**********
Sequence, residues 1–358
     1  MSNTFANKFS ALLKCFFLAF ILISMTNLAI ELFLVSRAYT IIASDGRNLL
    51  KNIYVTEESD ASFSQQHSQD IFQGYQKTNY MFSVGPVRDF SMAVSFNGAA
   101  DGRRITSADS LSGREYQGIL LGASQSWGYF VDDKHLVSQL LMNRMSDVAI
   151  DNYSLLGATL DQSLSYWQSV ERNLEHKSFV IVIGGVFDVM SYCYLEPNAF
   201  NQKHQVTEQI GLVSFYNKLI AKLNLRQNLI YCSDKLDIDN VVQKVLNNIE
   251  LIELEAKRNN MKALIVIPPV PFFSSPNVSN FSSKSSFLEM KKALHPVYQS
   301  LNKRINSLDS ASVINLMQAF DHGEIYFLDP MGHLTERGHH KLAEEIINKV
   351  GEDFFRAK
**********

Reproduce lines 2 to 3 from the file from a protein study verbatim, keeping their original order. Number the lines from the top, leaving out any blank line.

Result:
     1  MSNTFANKFS ALLKCFFLAF ILISMTNLAI ELFLVSRAYT IIASDGRNLL
    51  KNIYVTEESD ASFSQQHSQD IFQGYQKTNY MFSVGPVRDF SMAVSFNGAA